Dudley responded to this, not directly to White but to a retweet of this rant, and did so in Dudley’s calm, rational way. His Tweet has since been taken down, but it said:
“This isn’t Melo vs myself, That man is a 1st ballot HOFer… We all want to see him back in the league… Royce seems uninformed when he speaks and this situation in calling my name out. This league is not about who’s better then who it’s what’s players make for the best Team.”
Kendrick Perkins and Jameer Nelson had Dudley’s back.
Dudley/Perkins/Nelson are spot on here. The reason Dudley is on an NBA roster and Anthony is not is all about willingness to fit in and play a role. Dudley knows exactly how to do that, accepting limited minutes off the bench, staying ready, and when he comes in playing hard, being a pest, and knocking down threes. Anthony is unquestionably still a better scorer, but he was unwilling to accept a role in both Oklahoma City and Houston (and his game now is that of a role player/sixth man). Anthony says that’s different now, but GMs are risk averse in most situations. Teams that might have interest in ‘Melo are concerned about the possible distraction and disruption, and they wonder if that risk is worth what Anthony brings to the court right now. It was the same with Team USA.
Some team should — and one likely eventually will — give Anthony another shot. He deserves it. However, teams thinking about a deep playoff run tend to like their chemistry and are wary of disruptions, so nothing has come out yet. Even if Royce White and a lot of other people think it should have.
As trade rumors swirled around the Rockets, P.J. Tucker instead focused on a contract extension.
Well, the dust has settled in Houston. The Rockets dealt Chris Paul to build around a James Harden–Russell Westbrook backcourt.
Tucker still wants to stay.
Tucker, via Kelly Iko of The Athletic:
“It’s now,” he said of getting a new deal done. “It’s time for my extension right now, so we’ll see. We’ll see what happens. I’m optimistic, we’ll see.”
The most Tucker can earn in an extension is $30,985,560 over three years (or $19,891,964 over two years or $9,563,444 over one year). That’s a bargain based on how he has played lately.
Tucker’s versatile hard-nosed defense has been so important in Houston. He often holds the Rockets together on that side of the ball. Offensively, he fits well with his corner 3-point shooting.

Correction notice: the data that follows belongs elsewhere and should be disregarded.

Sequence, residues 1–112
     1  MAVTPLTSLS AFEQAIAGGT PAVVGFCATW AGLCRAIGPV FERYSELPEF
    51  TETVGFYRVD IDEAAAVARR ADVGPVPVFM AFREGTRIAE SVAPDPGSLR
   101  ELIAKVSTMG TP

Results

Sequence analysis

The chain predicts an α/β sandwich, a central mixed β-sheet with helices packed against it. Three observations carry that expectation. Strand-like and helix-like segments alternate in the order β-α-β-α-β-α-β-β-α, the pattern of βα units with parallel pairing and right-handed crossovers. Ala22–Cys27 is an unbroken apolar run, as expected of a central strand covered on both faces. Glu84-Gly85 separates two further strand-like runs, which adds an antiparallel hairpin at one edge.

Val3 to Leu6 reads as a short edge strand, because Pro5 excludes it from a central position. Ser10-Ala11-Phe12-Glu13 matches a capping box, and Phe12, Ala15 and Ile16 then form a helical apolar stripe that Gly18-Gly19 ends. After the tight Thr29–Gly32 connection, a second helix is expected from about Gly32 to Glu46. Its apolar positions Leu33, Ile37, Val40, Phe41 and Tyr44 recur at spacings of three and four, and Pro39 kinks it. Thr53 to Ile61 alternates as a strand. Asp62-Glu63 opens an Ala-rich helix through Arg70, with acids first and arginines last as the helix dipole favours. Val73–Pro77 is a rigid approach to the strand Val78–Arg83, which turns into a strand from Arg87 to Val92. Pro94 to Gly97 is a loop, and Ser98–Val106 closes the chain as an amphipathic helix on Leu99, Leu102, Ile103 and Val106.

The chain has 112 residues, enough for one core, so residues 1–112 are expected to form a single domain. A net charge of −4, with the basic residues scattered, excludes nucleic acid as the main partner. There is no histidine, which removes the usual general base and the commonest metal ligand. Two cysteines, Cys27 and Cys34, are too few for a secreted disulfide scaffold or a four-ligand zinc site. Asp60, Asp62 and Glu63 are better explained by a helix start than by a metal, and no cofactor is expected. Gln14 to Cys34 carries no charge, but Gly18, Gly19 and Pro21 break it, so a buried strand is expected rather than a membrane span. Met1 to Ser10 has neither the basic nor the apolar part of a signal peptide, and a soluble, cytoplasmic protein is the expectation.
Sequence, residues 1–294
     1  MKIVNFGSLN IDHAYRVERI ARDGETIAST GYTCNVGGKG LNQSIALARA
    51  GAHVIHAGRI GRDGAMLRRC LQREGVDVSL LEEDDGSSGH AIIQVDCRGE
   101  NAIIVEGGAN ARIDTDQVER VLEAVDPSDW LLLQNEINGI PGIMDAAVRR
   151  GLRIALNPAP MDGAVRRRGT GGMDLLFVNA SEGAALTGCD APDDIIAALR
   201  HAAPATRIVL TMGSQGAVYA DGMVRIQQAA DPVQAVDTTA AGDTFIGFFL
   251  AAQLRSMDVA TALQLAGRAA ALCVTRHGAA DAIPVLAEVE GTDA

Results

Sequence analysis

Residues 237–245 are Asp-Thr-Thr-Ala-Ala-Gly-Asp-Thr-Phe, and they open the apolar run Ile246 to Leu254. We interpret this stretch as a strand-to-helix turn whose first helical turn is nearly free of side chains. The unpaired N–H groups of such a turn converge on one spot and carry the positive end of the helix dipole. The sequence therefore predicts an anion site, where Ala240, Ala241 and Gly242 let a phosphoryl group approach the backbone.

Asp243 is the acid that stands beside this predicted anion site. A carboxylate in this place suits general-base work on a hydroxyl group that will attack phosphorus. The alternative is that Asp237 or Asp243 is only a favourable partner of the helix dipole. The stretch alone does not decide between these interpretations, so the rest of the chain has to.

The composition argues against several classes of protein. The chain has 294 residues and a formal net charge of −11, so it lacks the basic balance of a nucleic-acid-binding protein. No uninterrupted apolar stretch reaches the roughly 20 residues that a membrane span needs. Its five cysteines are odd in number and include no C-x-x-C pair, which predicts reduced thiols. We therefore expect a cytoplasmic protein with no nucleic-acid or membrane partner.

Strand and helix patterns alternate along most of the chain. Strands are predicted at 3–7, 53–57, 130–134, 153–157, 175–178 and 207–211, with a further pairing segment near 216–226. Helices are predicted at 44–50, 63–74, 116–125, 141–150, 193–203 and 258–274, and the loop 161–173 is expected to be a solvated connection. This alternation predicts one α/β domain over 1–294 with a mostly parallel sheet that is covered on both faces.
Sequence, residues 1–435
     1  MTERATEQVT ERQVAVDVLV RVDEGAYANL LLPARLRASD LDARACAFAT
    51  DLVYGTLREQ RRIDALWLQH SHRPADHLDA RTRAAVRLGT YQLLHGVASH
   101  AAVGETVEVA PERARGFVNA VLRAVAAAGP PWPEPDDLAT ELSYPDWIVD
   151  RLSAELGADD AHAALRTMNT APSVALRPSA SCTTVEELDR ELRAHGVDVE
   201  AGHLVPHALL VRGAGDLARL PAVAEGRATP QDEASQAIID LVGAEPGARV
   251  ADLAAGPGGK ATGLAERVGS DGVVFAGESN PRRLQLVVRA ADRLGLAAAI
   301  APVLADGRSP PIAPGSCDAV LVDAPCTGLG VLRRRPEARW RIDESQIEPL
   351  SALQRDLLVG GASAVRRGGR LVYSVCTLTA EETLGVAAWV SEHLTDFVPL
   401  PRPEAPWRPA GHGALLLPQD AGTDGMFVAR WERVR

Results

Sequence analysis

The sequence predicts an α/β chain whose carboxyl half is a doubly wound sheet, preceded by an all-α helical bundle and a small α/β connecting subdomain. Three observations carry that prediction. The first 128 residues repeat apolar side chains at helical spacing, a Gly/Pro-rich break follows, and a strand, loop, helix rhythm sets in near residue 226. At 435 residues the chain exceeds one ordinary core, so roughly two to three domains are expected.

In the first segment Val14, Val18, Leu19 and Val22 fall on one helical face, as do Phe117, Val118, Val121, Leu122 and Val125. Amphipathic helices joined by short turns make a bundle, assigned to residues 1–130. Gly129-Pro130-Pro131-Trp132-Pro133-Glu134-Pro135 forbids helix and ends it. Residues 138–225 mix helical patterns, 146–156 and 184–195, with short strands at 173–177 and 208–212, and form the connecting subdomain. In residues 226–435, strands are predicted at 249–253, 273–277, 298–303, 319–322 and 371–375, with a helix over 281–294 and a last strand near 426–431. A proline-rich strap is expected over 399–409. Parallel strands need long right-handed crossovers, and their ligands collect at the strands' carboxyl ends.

But Tucker is also 34. Houston can’t depend on him remaining productive when on an extension that would begin at age 36.
There’s no urgency for the Rockets to extend him. He’s locked up two more seasons.
Practically, extending Tucker now would also mean guaranteeing his 2020-21 salary a year before necessary. Just $2,569,188 of his $7,969,537 salary that season is guaranteed. There’s a chance Houston might want to waive him in 2020.
Tucker is so good and so underpaid, even his largest-possible extension (which is based on his prior salary) could turn into a steal for Houston. That’s the only reason this conversation is happening. Because with most players so old and so far from free agency, an extension is a non-starter.
In 2014, the Clippers were playing the Warriors in a first-round series when then-Clippers owner Donald Sterling’s racist rant became public.
Among the most pressing questions: Would players boycott?
The Clippers were having one of their best seasons ever, and they were in the playoffs. Nobody knew how a boycott would affect the team.
Would the Clippers have to forfeit? Would the game just be rescheduled? Would players get punished? Would a boycott even be effective?
This was uncharted territory.
But apparently the Clippers weren’t in it alone.
Andre Iguodala, via Ramona Shelburne of ESPN:
“I was all-in. Like shut down the whole season,” then-Warriors forward Andre Iguodala said. “Maybe that was too far, but as far as that game that day, you can reschedule it, you gotta sort this thing out, because there’s some deep-rooted stuff with him that had to be addressed.”
It’s far easier to talk about boycotting than actually doing it.
I get the outrage over Sterling’s comments. But we’ll never know what would’ve happened if NBA commissioner Adam Silver hadn’t take the drastic step of banning Sterling.
Clippers players protested with their warmup uniforms. That apparently helped send enough of a message for Silver to act.